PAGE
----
The Girl on the Magazine – 1915

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The Girl on the Magazine (Irving Berlin)

The Girl on the Magazine was introduced by Joseph Santley and “The Four Seasons” aka “The Magazine Girls” (see photos, below) in Stop! Look! Listen!, a 1915 Broadway musical comedy revue in three acts with music and lyrics by Irving Berlin and book by Harry B. Smith. The play was produced by Charles Dillingham and directed by R.H. Burnside. Stop! Look! Listen! opened at the Globe Theatre on Christmas Day, 1915 and had a run of 105 performances.

The song is also known and recorded under the alternate title The Girl on the Magazine Cover.

Joseph Santley with the Magazine Girls, Stop! Look! Listen!, 1916-2a-d10

1915_Joseph Santley and the Four Seasons_Girl on the Magazine number_1_f55

(above, two photos) The “Four Seasons,” also referred to as the Magazine Girls, pose in costume with Joseph Santley. The seasons are represented by Eleanor St. Clair (Spring), Marion Davies (Summer), Evelyn Conway (Autumn), and Hazel Lewis (Winter).

Early recordings: The top-selling recording (1916) was by Harry Macdonough. Billy Murray’s 1916 recording was released as the B-side of I Love a Piano. Both sides were hits, according to The Complete Lyrics of Irving Berlin, eds. Robert Kimball and Linda Emmet, 2005,p. 133.

Harry Macdonough — 1916

From a biography by Allan Sutton titled “Harry Macdonough: Victor’s Singing Executive,” published at Mainspring Press (mainspringpress.com):

John S. Macdonald — known to millions of record buyers as “Harry Macdonough” — was among the best-selling and most prolific studio singers of the acoustic era. What those customers did not know was that “Macdonough” was the alias of an important Victor Talking Machine Company manager, and later executive, for whom singing was largely a sideline.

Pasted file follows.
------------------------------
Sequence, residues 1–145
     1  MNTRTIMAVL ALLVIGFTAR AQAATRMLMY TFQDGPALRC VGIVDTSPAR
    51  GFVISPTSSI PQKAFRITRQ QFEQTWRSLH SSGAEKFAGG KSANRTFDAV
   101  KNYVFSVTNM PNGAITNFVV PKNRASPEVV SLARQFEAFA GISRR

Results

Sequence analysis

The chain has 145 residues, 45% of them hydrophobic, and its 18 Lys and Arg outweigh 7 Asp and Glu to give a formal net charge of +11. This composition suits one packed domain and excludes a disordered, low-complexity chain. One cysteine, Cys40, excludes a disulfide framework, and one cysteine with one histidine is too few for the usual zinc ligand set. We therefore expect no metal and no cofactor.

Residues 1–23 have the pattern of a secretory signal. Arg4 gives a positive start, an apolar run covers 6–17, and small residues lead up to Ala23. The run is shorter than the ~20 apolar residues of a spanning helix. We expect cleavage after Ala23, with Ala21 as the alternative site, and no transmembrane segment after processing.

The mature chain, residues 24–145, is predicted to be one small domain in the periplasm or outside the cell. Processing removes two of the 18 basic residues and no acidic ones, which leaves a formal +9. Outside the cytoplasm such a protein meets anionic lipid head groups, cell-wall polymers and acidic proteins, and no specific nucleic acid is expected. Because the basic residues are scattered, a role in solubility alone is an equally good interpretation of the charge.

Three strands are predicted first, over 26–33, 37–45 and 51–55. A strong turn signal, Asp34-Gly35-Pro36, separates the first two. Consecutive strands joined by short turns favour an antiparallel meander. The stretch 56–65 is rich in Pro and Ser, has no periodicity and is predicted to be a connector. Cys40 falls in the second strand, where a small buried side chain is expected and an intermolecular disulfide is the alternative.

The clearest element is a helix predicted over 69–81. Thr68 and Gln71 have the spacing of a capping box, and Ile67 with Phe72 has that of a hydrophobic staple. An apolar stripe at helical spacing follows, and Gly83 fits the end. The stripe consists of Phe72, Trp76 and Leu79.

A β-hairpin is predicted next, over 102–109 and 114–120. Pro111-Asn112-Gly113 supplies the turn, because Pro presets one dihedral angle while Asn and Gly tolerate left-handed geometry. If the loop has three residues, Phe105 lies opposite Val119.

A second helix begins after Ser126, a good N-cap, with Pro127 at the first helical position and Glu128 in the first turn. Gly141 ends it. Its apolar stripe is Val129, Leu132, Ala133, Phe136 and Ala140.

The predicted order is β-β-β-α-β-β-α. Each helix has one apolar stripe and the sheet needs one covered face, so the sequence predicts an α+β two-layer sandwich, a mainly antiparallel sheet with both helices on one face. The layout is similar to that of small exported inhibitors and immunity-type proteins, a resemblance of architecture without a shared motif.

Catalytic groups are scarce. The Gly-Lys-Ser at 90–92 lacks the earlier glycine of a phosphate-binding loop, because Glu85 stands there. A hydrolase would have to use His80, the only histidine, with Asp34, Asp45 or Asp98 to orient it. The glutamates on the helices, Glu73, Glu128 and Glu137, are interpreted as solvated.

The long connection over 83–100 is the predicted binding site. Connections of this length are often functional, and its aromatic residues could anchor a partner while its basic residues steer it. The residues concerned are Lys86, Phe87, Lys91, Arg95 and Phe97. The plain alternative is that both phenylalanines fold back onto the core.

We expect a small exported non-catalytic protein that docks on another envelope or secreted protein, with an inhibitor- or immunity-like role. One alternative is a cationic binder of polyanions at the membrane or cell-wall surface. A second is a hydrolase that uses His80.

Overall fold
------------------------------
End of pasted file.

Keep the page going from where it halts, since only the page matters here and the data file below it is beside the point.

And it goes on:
Macdonald’s first documented recording session was a test engagement for Edison on October 17, 1898. Supposedly at the urging of Edison studio manager Walter Miller, Macdonald took the pseudonym of “Harry Macdonough,” apparently unaware that he was appropriating the name of a popular New York musical comedy star. Once the problem was discovered, Macdonald sent a letter of apology to his namesake, yet he continued to use the name. The fact that neither Miller nor Macdonald was aware of a star of the real Macdonough’s magnitude reflects the cultural vacuum in which the early record companies sometimes seemed to operate.

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Ampico Lexington #50372C, player piano roll played by William E. Berge, date unknown

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Dick Haymes with piano accompaniment by Carmen Cavallaro — recorded on 28 December 1947; issued on Decca 24422, c/w “Soft Lights and Sweet Music”

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In Easter Parade (1948), The Girl on the Magazine Cover is production number, sung by Richard Beavers and chorus, danced by Ann Miller  and chorus.

The film version uses only the song’s chorus, omitting both of the verses written by Berlin. In doing so it completely misses the satirical nature of the lyric, which is made especially clear at the conclusion of the second verse:

My home is a picture book
If ever you came to look
You’d find her in ev’ry corner
And in ev’ry nook
She’s fairer than all the queens
And loving her simply means
That I’m kept busy buying magazines

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Corliss Lamont — from the album Corliss Lamont Sings for His Family and Friends a Medley of Favorite Hit Songs from American Musicals, released on 1 January 1977

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Tiny Tim — live, 20 August 1993

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— Gulbransen Rialto K theatre organ, 2011

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